About the Little Things: Consistent Herd Pregnancy
Small errors in management can add up to big impacts in herd fertility.
University of South Dakota
That’s according to South Dakota Cooperative Extension Beef Reproduction Management Specialist George Perry. Perry presented information on reproduction management on 2 December at a beef symposium in Fort Collins, Colorado.
The Robert E. Taylor Memorial Symposium: Applied Reproductive Strategies in Beef Cattle featured beef scientists from around the U.S.
Baxter Black: TAKING A FALL
One of the secrets of life is knowing how to take a fall. Physical, financial or emotional. When you drop something, it breaks. Be it a bank, a bone, or a heart.
South Dakota Cattlemen’s celebrate 60 years in Huron
The Cattle Business Weekly
The South Dakota Cattlemen’s Association met for their annual convention and Trade Show Dec. 2-4 in Huron, S.D.
Now in their 60th year the cattle producer association boasts over 1,000 members. Many of them were in Huron for the two-day event to listen to national speakers and conduct annual business.
Morehead ‘sorry, ashamed’ for role in beef scandal
PATSY R. BRUMFIELD
Northeast Mississippi Daily Journal
District Judge Michael P. Mills told CK Morehead he felt empathy and sympathy for him Thursday, as the former Georgia business executive stood before him to be sentenced.
“However, punishment must be handed down to deter others,” Mills said, and then sentenced Morehead to 10 months in a federal prison.
In August, the 57-year-old Morehead pleaded guilty to withholding material facts from federal investigators looking into the construction and failure of the notorious Mississippi Beef Project, which aimed to establish a cattle processing plant in Yalobusha County.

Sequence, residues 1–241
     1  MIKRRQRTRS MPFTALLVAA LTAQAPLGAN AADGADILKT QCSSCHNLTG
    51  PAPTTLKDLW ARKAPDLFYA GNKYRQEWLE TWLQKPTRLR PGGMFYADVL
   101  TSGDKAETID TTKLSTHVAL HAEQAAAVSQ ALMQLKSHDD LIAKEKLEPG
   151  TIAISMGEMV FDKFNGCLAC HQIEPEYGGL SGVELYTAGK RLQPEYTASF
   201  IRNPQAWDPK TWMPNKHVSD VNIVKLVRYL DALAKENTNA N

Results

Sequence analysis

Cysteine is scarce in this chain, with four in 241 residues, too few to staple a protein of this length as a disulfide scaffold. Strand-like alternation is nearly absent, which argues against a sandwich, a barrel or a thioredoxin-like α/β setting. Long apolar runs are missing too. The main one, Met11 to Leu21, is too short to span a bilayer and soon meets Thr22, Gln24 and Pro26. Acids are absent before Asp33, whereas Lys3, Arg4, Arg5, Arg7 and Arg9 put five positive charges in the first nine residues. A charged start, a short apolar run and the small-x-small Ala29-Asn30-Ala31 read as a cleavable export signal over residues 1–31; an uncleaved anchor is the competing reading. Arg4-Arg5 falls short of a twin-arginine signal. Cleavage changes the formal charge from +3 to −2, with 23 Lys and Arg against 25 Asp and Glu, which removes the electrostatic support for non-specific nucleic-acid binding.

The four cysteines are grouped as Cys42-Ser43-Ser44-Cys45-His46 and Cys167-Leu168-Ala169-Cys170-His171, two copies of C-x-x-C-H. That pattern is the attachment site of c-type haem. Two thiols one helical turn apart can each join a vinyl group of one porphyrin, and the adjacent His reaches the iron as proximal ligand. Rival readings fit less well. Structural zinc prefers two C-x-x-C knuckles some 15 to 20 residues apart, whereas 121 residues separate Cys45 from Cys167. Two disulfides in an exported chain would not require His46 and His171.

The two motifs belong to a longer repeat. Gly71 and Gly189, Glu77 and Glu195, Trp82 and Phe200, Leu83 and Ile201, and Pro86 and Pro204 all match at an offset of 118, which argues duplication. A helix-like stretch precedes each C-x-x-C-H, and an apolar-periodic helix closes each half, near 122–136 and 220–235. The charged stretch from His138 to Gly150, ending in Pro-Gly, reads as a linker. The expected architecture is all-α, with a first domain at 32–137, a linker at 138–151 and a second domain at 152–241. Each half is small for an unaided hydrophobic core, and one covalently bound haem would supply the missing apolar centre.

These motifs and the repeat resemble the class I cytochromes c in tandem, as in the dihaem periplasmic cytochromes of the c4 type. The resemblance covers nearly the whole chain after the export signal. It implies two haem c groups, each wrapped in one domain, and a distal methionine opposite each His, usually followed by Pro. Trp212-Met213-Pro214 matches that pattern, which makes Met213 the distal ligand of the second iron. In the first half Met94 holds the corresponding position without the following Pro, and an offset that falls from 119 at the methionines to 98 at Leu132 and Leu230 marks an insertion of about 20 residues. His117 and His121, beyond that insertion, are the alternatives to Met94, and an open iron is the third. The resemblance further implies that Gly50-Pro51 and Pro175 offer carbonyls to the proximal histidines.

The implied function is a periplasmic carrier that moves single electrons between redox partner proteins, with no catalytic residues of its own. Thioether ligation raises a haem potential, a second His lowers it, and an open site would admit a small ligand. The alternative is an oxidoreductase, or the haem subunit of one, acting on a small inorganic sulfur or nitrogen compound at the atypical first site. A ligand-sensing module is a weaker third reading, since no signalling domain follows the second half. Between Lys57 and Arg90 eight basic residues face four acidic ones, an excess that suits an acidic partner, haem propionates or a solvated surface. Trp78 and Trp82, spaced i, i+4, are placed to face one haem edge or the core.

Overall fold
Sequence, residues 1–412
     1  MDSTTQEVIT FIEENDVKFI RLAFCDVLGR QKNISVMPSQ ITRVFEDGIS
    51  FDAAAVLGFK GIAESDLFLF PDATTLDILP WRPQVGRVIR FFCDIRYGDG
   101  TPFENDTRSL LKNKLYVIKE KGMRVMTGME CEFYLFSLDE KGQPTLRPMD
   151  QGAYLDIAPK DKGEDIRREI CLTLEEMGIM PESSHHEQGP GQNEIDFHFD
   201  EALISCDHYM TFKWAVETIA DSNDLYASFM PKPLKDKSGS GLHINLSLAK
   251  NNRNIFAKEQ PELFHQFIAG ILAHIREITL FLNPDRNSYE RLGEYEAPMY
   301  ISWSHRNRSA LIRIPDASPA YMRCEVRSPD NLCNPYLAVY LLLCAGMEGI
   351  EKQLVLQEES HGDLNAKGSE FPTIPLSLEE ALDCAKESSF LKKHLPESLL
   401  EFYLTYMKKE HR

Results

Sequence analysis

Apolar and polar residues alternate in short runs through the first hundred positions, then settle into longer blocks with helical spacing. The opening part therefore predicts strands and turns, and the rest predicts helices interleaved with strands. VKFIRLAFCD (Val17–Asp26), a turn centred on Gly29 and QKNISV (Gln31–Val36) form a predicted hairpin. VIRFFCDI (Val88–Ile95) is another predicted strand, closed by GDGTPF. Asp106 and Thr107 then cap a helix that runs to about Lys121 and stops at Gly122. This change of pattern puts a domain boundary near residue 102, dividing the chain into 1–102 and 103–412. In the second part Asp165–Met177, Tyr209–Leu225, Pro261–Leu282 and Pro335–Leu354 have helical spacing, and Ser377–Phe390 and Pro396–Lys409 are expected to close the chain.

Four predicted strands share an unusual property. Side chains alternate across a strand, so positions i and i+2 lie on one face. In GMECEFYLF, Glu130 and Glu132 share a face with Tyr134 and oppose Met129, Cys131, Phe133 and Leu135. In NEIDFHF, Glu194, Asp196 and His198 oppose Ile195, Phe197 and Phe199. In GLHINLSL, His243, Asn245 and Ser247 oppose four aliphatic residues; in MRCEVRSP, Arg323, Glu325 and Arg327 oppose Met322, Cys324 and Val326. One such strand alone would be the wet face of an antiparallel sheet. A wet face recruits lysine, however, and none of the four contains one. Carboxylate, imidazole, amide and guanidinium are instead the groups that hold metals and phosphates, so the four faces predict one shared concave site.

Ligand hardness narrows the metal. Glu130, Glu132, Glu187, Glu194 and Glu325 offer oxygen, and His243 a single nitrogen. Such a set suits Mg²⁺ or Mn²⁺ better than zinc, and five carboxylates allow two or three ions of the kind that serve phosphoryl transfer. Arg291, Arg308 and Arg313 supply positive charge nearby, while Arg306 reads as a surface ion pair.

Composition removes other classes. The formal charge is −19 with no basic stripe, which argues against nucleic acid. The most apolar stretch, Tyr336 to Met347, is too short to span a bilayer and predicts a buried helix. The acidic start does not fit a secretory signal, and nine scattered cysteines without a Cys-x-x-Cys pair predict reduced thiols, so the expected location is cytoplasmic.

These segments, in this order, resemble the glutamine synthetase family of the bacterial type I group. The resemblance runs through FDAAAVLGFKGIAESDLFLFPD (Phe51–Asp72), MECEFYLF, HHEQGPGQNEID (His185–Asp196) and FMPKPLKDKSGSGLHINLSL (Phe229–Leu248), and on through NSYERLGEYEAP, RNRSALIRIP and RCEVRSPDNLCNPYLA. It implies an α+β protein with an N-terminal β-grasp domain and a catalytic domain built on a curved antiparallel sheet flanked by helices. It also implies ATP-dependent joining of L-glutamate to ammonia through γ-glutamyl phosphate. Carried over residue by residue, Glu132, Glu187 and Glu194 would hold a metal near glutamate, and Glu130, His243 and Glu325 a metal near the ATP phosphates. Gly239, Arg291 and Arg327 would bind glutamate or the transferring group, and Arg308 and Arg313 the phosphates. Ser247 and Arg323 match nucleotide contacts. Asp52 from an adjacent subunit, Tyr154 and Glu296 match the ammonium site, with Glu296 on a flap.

EPA exempts farms from reporting toxic fumes, derailing “cow tax”
The nation’s farms no longer have to report to authorities the toxic, smelly fumes released from manure.
The Bush administration late Friday completed a regulation exempting farms from reporting releases of hazardous air pollution to federal, state and local authorities. The rule applies specifically to the gases from manure that are often responsible for odor problems.
Mid-South Stocker Conference scheduled for February
“Stocker Solutions for Challenging Times” is the theme for the 2009 Mid-South Stocker Conference scheduled for Feb. 24-25 at Lake Barkley State Resort Park Lodge near Cadiz, Ky.
Sponsored by the Cooperative Extension Service of the universities of Kentucky and Tennessee, and each state’s Cattlemens Association, in partnership with Bayer Animal Health and Beef magazine, the conference aims to assist cattle producers with an interest in stocker production.
Keep beef cattle healthy in winter weather
Tri State Neighbor
Snow and high winds are a bad combination for previously unstressed calves waiting to be shipped or put on winter feed rations.
South Dakota State University Extension range livestock production specialist Eric Mousel said that to protect calves from the onset of respiratory problems, it’s advisable to keep livestock dry and out of the wind as best as possible. Although many herds remain out on winter range and pasture with little protection from the wind, moving livestock into protected areas as soon as possible may reduce potential problems.